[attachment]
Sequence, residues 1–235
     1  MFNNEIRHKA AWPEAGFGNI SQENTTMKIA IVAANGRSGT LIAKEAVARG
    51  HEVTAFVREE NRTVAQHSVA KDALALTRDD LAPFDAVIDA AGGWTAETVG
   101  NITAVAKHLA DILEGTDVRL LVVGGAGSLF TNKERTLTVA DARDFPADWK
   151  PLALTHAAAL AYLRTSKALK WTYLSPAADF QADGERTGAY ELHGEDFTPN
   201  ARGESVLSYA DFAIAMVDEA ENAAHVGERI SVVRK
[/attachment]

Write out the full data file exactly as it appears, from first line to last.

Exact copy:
Sequence, residues 1–235
     1  MFNNEIRHKA AWPEAGFGNI SQENTTMKIA IVAANGRSGT LIAKEAVARG
    51  HEVTAFVREE NRTVAQHSVA KDALALTRDD LAPFDAVIDA AGGWTAETVG
   101  NITAVAKHLA DILEGTDVRL LVVGGAGSLF TNKERTLTVA DARDFPADWK
   151  PLALTHAAAL AYLRTSKALK WTYLSPAADF QADGERTGAY ELHGEDFTPN
   201  ARGESVLSYA DFAIAMVDEA ENAAHVGERI SVVRK